A Primer: Capital in the Twenty-First Century by Thomas Piketty

Thomas Piketty’s seminal work, Capital in the Twenty-First Century, has soared to the top of the Bestsellers’ Chart and sparked debate.

Commentary icon13 Jun 2014|Comment

13 June 2014

by Ellie O’Hagan, Media and Communications Officer, CLASS

Thomas Piketty’s seminal work, Capital in the Twenty-First Century, has soared to the top of the Bestsellers’ Chart and sparked debate amongst commentators, economists and politicians across the world. But at nearly 700 pages, and stuffed with cultural references from Disney to Jane Austen, what is Piketty actually arguing?

The Central Idea

Piketty’s central thesis is so provocative because it contradicts the fundamental beliefs that have enabled capitalism to become the dominant economic system of the last century.

Capitalists have always argued that capitalism’s main virtue is that it is meritocratic: anybody can become rich under capitalism if they work hard and demonstrate business acumen. And – to a greater or lesser extent – the 20th Century proved this theory to be true.

But in his book, Piketty argues that the meritocracy of the 20th Century is actually an anomaly of capitalism, which was brought about by factors such as the Great Depression and two world wars. Instead, Piketty argues, the default setting of capitalism is to accumulate capital for the already wealthy, thus widening the gap between the richest in society and the rest of us – even in countries that have a strong welfare state. He says this default setting of capitalism resumed in the 1980s and will continue indefinitely, unless there is drastic government intervention.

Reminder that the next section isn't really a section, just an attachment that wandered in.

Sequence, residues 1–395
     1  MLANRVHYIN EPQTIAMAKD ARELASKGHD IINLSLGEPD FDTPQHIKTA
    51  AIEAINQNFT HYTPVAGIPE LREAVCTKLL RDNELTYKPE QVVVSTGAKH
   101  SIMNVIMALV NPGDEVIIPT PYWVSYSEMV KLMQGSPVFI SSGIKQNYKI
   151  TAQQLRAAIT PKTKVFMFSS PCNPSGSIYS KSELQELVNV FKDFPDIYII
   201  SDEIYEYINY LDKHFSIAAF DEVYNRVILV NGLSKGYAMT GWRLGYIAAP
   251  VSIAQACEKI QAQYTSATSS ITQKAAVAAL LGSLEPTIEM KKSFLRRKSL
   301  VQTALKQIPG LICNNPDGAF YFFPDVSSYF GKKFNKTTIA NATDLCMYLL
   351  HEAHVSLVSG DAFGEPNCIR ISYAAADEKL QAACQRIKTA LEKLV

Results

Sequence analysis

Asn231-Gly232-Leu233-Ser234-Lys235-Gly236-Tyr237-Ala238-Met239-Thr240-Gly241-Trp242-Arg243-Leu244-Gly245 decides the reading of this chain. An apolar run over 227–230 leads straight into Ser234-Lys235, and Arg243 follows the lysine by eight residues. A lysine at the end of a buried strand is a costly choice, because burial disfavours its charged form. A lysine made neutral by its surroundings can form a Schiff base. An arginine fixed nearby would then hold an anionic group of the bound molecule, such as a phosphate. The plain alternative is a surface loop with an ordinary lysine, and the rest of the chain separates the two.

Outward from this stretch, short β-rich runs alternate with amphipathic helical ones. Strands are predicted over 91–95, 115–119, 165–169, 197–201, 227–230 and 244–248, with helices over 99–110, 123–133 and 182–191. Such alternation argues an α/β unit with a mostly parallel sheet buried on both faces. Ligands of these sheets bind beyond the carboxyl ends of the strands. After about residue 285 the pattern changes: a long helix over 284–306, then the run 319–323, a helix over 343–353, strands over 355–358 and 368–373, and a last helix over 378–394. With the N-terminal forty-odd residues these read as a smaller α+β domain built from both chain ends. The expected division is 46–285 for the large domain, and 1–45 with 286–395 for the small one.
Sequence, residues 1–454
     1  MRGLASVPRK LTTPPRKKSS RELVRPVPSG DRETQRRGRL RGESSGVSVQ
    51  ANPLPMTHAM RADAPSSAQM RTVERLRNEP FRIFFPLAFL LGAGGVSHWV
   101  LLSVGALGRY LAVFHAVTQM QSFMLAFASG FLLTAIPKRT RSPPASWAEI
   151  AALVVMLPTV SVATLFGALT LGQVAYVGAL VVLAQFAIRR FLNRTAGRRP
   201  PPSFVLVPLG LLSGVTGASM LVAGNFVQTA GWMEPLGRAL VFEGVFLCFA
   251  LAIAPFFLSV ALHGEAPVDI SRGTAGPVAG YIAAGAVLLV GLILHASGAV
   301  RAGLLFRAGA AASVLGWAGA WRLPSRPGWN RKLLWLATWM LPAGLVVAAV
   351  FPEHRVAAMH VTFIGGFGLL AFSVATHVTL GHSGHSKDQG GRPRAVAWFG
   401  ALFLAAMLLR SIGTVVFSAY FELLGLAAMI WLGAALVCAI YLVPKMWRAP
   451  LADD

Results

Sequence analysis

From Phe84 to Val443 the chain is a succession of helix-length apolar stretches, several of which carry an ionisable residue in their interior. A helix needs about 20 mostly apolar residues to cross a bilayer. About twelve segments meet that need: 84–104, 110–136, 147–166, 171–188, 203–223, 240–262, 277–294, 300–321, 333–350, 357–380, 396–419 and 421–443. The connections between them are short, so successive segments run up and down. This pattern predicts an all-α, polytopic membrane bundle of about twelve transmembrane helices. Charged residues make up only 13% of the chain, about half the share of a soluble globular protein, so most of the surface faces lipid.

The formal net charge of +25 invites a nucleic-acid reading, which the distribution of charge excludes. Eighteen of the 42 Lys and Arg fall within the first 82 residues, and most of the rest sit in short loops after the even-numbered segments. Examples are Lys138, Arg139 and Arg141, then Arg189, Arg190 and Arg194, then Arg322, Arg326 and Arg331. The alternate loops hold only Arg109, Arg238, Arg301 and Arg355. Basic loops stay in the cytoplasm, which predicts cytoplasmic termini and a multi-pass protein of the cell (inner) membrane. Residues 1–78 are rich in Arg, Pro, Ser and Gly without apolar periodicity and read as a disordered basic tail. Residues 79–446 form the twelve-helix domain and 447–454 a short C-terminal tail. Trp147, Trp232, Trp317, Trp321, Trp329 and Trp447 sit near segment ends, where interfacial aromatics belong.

What does Piketty mean by “capital”?

In his book, Piketty uses the word “capital” to mean anything that can be owned and accumulate wealth. Property, stocks and shares are examples of capital. An employer’s workforce would not be categorised as capital.

How does income inequality happen?

To explain income inequality, Piketty uses:

r > g

In this equation, r denotes the rate of return on capital (i.e. how much owners of capital make by investing it) and g represents economic growth (i.e. GDP).

So long as r is greater than g, which it has been in recent decades, people who own a lot of things will get exponentially richer than people who work for a living.

Piketty primarily examines capital in the United States, the United Kingdom, France, and Germany, as well as referencing Italy, Canada, and Japan, and argues that in all of these economies, the r > g ratio holds true.

Why does this matter?

Piketty does not argue in favour of total equality, but he says that such an extreme disparity between the wealth of the very rich and everybody else is bad for economic growth and bad for democracy. He argues that if trends continue, social unrest will follow. As Buttonwood’s Notebook in The Economist said:

“Democracy came about, in part, because the rising middle classes and industrial working classes demanded political recognition for their increased economic power. But if economic power has gone back to the rich, we may be sliding back into plutocracy, where government is controlled by the rich.”

So what’s to be done?

Piketty’s solution is a global tax on wealth, although he does recognise that this may be a somewhat utopian demand at the moment. In the meantime he suggests national and regional wealth taxes could be introduced. Piketty argues that a wealth tax is just one of the ways that the modern state must play a crucial role in addressing growing inequality.

Ellie O’Hagan

Media and Communications Officer, CLASS